Friday, 9 December 2011

Christmas Cavalcade Part Two

It should come as no surprise that the festive season has been providing song-poets with a bottomless barrel of maudlin sentiment for decades. Along with US Presidents, Elvis and life-threatening diseases or injuries Christmas is easily one of the most popular subjects for budding lyricists. As another Christmas approached your average song-shark would have been rubbing his calloused hands with so much glee it’s a wonder they didn’t catch fire.

The first three tracks in today’s slice of festive hokum come from the MSR release 1978 Christmas Album. I’m not a huge fan of latter-day MSR, that omnipresent washy synthesiser is a real turn off for me (as it is for fellow song-poem collector and blogger Bob Purse), but if you look past that you’ll discover some real stinkers, such as those presented for your enjoyment today.

Most of this album is just mediocre, the songs wouldn’t sound out of place playing in a lift or as muzak in a supermarket, but the first track, Merry Christmas From Tonga, the Friendly Island, which comes from the splendidly-named Sione Lavemai Finau (an author who provided the ‘lyrics’ to three tracks on this particular compilation) is an exception. 1978 was a particularly creative (and probably expensive) year for Sione, as he also managed to get a song placed on another MSR release, the Special 1978 Gospel Album.

Next up is the distinctly un-cheerful Christmas Cheer, with words by song-poet Joan Tomaini. I believe Joan is being thoroughly altruistic in asking her listeners to think of those less fortunate than themselves during the Christmas period, but the line ‘does anyone ever think of those whose life compares to a dead rose’ has me in stitches.

The final cut from this particular album, Christmas Events (with words by Joseph Pullum) is shameless, stealing snatches of music and lyrics from Christmas standards luckily no longer protected by copyright. It’s a jolly romp though, and wouldn’t be out of place on a 70s BBC Christmas special. Like Sione, Joseph also decided to take another crack at the Christmas charts courtesy of MSR – he has two songs on this collection and a third, Christmas Time, appears on their album A Gift of Christmas Spirit for 1980.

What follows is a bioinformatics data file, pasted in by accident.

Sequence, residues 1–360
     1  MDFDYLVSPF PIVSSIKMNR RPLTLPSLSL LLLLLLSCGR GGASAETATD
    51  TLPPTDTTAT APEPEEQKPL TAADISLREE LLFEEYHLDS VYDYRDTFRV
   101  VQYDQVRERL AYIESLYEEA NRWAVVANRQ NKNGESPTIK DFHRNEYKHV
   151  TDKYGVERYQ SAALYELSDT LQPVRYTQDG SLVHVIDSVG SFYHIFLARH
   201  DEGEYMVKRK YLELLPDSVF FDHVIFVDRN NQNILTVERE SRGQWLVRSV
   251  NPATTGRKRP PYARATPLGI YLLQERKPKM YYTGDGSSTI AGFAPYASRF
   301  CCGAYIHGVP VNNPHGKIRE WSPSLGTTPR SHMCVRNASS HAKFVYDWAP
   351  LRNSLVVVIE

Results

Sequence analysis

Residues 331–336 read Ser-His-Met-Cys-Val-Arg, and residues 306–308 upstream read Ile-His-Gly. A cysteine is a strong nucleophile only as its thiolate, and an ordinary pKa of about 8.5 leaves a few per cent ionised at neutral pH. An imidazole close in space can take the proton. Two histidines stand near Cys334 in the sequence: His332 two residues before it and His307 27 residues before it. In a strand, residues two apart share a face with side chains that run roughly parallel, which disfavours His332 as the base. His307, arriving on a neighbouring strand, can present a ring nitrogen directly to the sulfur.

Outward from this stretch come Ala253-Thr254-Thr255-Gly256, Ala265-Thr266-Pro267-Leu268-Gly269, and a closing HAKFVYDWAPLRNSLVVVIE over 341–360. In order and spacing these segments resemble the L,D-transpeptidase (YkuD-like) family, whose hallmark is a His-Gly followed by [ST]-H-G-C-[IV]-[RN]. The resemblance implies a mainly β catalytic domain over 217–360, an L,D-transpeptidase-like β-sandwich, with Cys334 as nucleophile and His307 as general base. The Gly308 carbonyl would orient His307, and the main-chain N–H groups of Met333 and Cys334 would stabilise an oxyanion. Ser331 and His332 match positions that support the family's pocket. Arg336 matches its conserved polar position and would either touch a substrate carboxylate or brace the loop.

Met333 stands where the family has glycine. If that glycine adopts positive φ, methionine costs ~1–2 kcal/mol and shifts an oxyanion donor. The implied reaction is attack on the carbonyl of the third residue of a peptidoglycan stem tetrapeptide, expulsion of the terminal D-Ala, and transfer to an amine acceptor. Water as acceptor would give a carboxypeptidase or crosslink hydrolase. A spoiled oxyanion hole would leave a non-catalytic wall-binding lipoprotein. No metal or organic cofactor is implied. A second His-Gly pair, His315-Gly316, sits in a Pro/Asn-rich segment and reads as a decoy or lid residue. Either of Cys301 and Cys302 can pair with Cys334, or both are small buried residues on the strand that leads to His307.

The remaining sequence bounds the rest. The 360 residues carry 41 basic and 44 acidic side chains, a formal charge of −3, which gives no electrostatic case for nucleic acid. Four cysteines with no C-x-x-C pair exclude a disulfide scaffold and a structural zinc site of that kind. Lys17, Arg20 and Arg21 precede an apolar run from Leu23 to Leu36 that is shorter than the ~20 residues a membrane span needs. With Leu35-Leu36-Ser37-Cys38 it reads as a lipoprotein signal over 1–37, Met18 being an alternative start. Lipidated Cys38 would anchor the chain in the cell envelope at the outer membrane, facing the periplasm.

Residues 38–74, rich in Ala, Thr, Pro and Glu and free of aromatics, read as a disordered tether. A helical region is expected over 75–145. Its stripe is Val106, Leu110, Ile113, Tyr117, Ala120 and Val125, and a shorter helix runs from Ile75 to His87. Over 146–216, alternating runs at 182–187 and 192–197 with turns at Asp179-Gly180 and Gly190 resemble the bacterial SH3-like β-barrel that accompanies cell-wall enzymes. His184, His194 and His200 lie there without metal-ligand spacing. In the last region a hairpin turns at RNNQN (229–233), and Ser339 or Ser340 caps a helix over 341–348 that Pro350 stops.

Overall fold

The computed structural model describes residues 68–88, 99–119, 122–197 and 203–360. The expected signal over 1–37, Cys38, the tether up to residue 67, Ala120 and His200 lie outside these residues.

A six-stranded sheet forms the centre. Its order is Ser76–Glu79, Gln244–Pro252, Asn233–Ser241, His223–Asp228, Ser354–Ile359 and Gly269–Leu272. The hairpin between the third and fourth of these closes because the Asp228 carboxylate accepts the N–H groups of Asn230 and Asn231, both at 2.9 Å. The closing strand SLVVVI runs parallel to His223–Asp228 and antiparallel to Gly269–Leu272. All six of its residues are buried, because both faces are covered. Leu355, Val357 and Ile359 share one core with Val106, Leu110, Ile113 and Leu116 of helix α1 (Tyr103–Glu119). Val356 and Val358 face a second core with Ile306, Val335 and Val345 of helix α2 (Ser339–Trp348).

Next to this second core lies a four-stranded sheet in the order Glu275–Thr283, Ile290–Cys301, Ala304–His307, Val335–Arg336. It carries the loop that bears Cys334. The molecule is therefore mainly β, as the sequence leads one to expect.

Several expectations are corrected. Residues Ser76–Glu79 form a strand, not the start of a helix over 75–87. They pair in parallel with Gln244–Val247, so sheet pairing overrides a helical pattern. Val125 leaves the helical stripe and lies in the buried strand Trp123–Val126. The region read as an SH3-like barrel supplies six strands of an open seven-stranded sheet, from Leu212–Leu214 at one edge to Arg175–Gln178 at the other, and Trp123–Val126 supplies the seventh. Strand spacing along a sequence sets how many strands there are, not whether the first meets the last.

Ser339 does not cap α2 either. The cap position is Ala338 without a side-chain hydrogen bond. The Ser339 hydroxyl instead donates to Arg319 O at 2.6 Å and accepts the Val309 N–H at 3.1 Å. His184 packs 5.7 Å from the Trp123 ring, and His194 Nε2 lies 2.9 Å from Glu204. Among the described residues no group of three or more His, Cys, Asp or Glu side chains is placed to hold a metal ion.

Last, but by no means least, I’ve included a track from another song-poem album, My Gift To You on the Royal Master label released, I’m guessing (as there’s no date mentioned anywhere) at around the same time. Sung by Linda Lane, with lyrics by Florine Fisher, Christmas is Coming is pretty standard stuff but has some wonderfully stupid words. I particularly like how mundane this particular family’s wants were – a shawl, a pair of house shoes, some gloves, a scarf, a doll, a train set and a pipe. Come on people, it’s Christmas! What about a PS3, a flat-screen TV or an iPad?

There are worse Christmas-themed song-poems out there: check out the excellent compilation Daddy, Is Santa Really Six foot Four for some real howlers, but the four I've chosen for you today have not - to the best of my knowledge - been shared on the interwebs before. So, as ever, enjoy!

1 comment:

  1. What is it about Christmas mega- and uber-kitsch that makes us such slavish suckers for this crap? A bad Christmas song is like no other mediocrity. It has a defiant half-life unlike that of any other kind of mediocrity. Yet others are strangely, mercifully immune to the charms of this music. I both envy and pity them. How, I ask myself, can they possibly go through a Christmas season without experiencing this awful, awesome music. Your blog has been a particularly generous mother lode of just about the worst Christmas music ever written. I want to thank you for the diligence with which you collect and share this music. As a fellow Christmas kitsch obsessive, you have made me feel like I have my sickness under control. But, of course, I know that is a lie--and that I'll be back later today and early tomorrow to see what else you have found for me to savor. Oh my God, I've just written a Christmas prose song-poem of my own. I'll call it "Torn Stocking Stuffer." Now if I can only find a word other than "heist" to rhyme with "Christ." Only kid-ding!


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